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This post is the third and final installment in a series on how to listen. It is aimed primarily at customer service call center agents, and we therefore talk about call centers, customers, and companies. However, the principles presented will apply well to almost anyone in any situation, whether business or personal.
In Parts One and Two of The Customer Service Guide to Listening, we covered some essential elements of listening, and then fine-tuned things by reviewing some strategic questions to be asked. This will have allowed you to hear exactly what your caller’s concerns are. Now it’s your turn. In this fourth rule we’ll cover how to present what you’ve understood, so you can be sure you and the caller are seeing things the same way.
Listening Rule 4: Make sure you understand the issue.
As you have listened and asked and then listened some more, you started to get a good idea of what the caller’s problem is, and what a suitable solution might be. But are you right? Do you really understand what’s happening? You won’t know until the caller tells you, so make sure you double check before suggesting any kind of response or repair.
There are a few very good ways to do this, and they can probably be best broken down into three techniques: repeating, paraphrasing, and verbalizing:
a.) Repeating is the most basic response. You simply say what the caller has said, but usually in a shortened form that hopefully captures the basic meaning, and encourages the caller to fill in anything that he or she thinks you’ve missed. For example:
Caller: The system started having trouble on Tuesday while I was using it, and it has just been giving nothing but trouble since then.
Agent: So the system hasn’t worked properly for you since this past Tuesday?
This works well for basic problems or at the start of a call, but as the topic becomes more complex or the caller goes into more detail, it is usually more helpful to move to the next level of responding…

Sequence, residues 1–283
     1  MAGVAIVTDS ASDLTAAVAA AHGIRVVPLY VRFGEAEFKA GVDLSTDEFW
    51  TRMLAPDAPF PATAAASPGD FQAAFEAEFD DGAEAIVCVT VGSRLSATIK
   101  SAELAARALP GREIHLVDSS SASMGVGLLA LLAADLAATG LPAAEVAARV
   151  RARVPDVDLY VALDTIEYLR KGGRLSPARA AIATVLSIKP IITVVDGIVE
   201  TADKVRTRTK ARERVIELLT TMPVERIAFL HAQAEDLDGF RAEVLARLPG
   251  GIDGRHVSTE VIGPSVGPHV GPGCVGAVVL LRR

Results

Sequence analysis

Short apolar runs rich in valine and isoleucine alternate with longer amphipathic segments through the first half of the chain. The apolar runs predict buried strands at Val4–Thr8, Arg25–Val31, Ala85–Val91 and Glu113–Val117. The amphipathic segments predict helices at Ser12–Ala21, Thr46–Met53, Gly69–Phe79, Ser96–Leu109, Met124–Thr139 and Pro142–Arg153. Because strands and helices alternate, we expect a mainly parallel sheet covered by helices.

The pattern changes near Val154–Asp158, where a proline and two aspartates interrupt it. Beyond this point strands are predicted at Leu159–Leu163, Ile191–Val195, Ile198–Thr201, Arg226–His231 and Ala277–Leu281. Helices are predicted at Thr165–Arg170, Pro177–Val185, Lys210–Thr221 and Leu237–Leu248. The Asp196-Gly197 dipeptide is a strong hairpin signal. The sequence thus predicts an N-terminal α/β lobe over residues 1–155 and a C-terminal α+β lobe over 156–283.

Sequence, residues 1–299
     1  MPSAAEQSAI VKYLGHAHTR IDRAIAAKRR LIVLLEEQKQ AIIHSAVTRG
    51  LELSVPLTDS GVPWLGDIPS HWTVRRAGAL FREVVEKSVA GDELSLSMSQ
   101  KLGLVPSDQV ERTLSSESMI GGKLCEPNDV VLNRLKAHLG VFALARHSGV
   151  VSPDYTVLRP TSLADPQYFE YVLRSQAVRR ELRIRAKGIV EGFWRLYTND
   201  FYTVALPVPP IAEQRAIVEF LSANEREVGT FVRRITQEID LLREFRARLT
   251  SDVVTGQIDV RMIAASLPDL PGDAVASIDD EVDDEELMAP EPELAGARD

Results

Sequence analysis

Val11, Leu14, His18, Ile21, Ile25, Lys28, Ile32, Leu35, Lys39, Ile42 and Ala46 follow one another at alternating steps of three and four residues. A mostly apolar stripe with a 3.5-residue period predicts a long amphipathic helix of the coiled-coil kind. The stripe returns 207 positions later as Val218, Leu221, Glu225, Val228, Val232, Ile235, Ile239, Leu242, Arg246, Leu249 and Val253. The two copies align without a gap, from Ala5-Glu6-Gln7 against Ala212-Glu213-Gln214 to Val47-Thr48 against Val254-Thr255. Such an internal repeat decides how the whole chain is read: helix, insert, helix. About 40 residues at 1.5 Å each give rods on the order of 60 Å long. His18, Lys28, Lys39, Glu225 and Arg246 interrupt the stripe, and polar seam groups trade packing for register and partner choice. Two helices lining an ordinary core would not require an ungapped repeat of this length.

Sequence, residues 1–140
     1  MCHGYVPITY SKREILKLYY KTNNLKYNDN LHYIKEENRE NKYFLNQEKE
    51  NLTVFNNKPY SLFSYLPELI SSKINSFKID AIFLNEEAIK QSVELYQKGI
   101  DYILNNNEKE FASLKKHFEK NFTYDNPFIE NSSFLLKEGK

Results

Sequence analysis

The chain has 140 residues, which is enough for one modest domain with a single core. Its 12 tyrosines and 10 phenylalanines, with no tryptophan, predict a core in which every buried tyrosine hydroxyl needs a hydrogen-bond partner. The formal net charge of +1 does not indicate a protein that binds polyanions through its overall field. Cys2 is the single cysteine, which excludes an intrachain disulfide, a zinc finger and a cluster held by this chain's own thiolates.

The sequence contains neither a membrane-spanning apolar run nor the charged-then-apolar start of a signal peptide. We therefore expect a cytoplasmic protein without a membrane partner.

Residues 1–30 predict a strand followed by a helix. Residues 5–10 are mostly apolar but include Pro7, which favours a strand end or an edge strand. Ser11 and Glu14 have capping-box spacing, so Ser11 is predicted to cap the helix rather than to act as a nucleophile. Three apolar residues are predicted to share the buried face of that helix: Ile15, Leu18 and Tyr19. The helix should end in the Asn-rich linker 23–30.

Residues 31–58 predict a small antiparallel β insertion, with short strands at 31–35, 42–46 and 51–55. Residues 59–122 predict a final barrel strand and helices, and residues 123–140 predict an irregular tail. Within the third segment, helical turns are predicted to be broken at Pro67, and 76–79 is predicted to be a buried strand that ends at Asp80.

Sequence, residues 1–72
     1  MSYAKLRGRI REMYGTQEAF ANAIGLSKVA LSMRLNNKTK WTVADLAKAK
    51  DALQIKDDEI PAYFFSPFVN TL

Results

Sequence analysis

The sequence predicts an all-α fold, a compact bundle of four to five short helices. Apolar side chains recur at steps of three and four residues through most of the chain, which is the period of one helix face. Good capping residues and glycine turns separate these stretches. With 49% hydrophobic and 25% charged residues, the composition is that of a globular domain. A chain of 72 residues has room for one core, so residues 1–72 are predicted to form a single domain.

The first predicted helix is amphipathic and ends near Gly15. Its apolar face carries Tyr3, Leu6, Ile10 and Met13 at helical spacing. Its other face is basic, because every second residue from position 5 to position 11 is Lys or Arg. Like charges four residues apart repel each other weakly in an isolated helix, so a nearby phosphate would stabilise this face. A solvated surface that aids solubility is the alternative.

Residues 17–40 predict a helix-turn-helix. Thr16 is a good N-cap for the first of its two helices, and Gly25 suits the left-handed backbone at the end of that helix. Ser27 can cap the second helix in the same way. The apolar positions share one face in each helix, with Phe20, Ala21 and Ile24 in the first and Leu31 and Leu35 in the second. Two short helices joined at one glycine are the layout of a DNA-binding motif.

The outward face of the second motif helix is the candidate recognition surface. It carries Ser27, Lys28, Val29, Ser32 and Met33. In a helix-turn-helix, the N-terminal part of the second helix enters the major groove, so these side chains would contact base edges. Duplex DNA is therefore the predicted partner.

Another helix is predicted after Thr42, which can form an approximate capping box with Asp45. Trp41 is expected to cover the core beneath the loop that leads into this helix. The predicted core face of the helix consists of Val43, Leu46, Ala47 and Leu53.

b.) Paraphrasing involves repeating what the caller says, but in your own words, to make sure you fully understand what was meant. For example:
Caller: I don’t understand why I’m being billed so much this month. I never used the system any more this month than I did any other time, and my bill was always exactly the same every single month. But now all of a sudden I’m billed an extra $50! That just doesn’t make any sense.
Agent: So you think there must be an error in the amount you’re being billed this month?
c.) Verbalizing or Probing move beyond what is actually being said, to understand the emotion or underlying issues that the caller may not have even yet grasped. This can often be difficult to do well, and frankly is often not at all necessary when dealing with straightforward issues. It can prove valuable though when trying to track down the reason for repeated or ongoing problems. Fortunately, most call center agents are supplied with diagnostic charts to help them isolate potential problems or challenges, but knowing how to phrase things properly can make a big difference in how well people supply the information you need. For example:
Caller: I’m completely fed up with your company! Everything I get from you is junk. It all keeps breaking! The main unit broke after just a few months. The the auxiliary systems all stopped working within a few weeks of each other, and only a little while after they were replaced, now the control system is broken. I am really fed up!
Agent: Mr. Johnson, I am so sorry to hear about all the trouble you’ve been having. These systems are usually very reliable, but like a lot of computer systems, they can fail if voltage spikes or power surges occur. I see from your records here that you live in a rural area, where those kinds of conditions often occur. What types of surge protectors are in place, Mr. Johnson?
By practicing these techniques and getting better at recognizing when to use each, you will become increasingly effective at quickly understanding callers’ needs and finding appropriate solutions.
This concludes the Customer Service Guide to Listening. We appreciate your taking the time to read this Guide, and would love your feedback on any of the points presented. At Tacamor, we pride ourselves on handling the highest levels of customer service call center outsourcing for our clients. If you feel we can be of service to you and your customers, please let us know. We are indeed listening!